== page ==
This blog was updated on 15 May 2019

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Yemen is in the grip of an unprecedented cholera outbreak.

It is the largest and fastest-spreading epidemic since the World Health Organization began recording outbreaks in 1949. After the outbreak peaked in 2017, a second wave of cases began in August 2018 and has continued into 2019. 

Since Cyclone Idai tore through southern Mozambique in March, there have been at least 6,596 cases of cholera. More than 90 health centres were either damaged or destroyed and sanitation facilities remain inadequate, making the situation very dangerous.

In this blog, British Red Cross health adviser Greg Rose explains the threat posed by this potentially life-threatening disease.

What is cholera?

Cholera is a bacterial infection that is spread when people consume contaminated food or water – it is nearly always waterborne.

It is preventable and treatable. Without treatment, however, death can occur within hours.

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Where is cholera found?

The disease is usually found in places where there is a lack of clean water, poor hygiene and limited access to health care.

It is most prevalent in sub-Saharan Africa, Central America, the Caribbean, South Asia and parts of South-East Asia.

What are the symptoms?

Cholera has a short incubation period, between two hours and five days. This explains why you often see a sudden burst of cases.

Most people have mild or no symptoms. Those who do develop symptoms will usually experience:

  • Severe, watery diarrhoea
  • Stomach cramps
  • Vomiting

It’s important to note that even if people do not display symptoms, the bacterium, Vibrio cholerae, stays in their faeces for up to two weeks.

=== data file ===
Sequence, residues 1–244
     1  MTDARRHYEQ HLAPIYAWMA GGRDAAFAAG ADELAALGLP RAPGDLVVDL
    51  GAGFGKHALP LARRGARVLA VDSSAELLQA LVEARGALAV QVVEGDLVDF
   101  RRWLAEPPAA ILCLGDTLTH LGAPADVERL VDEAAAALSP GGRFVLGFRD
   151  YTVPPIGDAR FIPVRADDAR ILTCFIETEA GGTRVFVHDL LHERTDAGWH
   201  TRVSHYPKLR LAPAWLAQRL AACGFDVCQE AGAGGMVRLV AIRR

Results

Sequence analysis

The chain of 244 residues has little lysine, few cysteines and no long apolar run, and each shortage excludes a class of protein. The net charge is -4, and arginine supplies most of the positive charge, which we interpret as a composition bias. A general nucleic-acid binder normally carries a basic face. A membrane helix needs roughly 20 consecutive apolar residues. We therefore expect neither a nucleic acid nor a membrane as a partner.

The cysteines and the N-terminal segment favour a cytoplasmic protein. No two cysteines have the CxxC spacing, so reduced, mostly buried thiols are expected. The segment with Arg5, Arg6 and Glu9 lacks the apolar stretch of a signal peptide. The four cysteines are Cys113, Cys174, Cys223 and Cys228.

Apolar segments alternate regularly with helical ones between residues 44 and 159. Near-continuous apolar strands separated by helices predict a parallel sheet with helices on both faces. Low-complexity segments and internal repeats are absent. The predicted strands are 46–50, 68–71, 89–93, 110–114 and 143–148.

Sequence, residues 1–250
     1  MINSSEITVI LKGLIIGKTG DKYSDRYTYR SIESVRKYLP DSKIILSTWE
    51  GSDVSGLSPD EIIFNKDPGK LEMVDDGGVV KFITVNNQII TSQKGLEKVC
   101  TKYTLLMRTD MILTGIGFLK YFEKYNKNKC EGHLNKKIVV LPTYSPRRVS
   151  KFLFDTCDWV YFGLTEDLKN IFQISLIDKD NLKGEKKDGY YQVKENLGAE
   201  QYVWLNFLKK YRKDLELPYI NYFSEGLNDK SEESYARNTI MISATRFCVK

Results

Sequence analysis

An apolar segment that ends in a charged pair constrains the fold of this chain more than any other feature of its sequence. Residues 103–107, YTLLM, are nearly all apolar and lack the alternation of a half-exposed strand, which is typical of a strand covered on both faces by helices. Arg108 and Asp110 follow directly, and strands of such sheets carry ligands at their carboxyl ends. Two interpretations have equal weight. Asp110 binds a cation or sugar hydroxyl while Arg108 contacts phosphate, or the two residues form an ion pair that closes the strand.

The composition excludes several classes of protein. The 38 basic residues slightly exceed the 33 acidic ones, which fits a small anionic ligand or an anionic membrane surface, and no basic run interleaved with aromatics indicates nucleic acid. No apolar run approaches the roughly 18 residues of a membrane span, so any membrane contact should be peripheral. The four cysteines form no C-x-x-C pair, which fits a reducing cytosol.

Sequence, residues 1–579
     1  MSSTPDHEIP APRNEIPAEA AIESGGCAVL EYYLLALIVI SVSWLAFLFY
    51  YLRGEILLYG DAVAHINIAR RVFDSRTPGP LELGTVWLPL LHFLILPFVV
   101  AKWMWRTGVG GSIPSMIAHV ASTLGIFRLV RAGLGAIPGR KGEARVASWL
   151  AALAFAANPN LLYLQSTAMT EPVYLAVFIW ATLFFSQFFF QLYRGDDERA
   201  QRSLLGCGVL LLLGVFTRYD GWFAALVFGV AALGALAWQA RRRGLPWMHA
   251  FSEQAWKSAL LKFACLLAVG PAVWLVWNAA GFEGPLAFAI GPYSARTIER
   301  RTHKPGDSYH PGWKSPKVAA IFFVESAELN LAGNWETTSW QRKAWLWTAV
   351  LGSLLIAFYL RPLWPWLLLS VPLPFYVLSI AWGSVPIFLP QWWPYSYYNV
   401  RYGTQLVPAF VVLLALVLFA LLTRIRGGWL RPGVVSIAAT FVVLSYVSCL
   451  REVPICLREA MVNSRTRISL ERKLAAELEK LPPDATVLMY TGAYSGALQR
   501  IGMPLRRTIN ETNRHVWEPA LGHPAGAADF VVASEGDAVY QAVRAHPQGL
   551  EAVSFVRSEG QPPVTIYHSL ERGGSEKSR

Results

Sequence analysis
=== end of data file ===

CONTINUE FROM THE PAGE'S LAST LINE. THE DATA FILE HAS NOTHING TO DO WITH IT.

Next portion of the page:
So if people are practising open defecation (associated with poor hand washing or water course contamination and transmission by flies), or if infrastructure is damaged after a natural disaster, then you can see how the bacteria can spread.

Can it be treated?

Absolutely – there is no reason why anyone should die from cholera. Treatment is often very simple depending on the stage of infection.

If cholera is detected early, then the patient may just need an oral rehydration solution to prevent dehydration.

If it’s more serious, then the patient may require intravenous fluid replacement at hospital.

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A woman recovering from cholera at treatment centre in Burundi

It’s not the bacterium that will kill a person. A combination of acute diarrhoea and vomiting can lead to severe dehydration – a victim can lose several litres of fluid in a matter of hours. This is what proves fatal.

While cholera is easily treatable, the issue is that in places where cholera is prevalent, such as in Yemen and sub-Saharan Africa, health care is not always readily available.

Why is cholera so common after a conflict or natural disaster?

An elderly man in Yemen walks with a stick over the rubble of his destroyed town

In Yemen and Mozambique hundreds of thousands of people have had to flee their homes.

Conflict has destroyed essential infrastructure in Yemen, while the cyclone has devastated homes and health centre in Mozambique. Water and sewer systems no long function in many cities.

Conditions then become ripe for waterborne diseases like cholera.

So how do you prevent cholera?

The most effective solution in the aftermath of a disaster is to make sure people are aware of the dangers and have access to clean, chlorinated water, soap and toilets.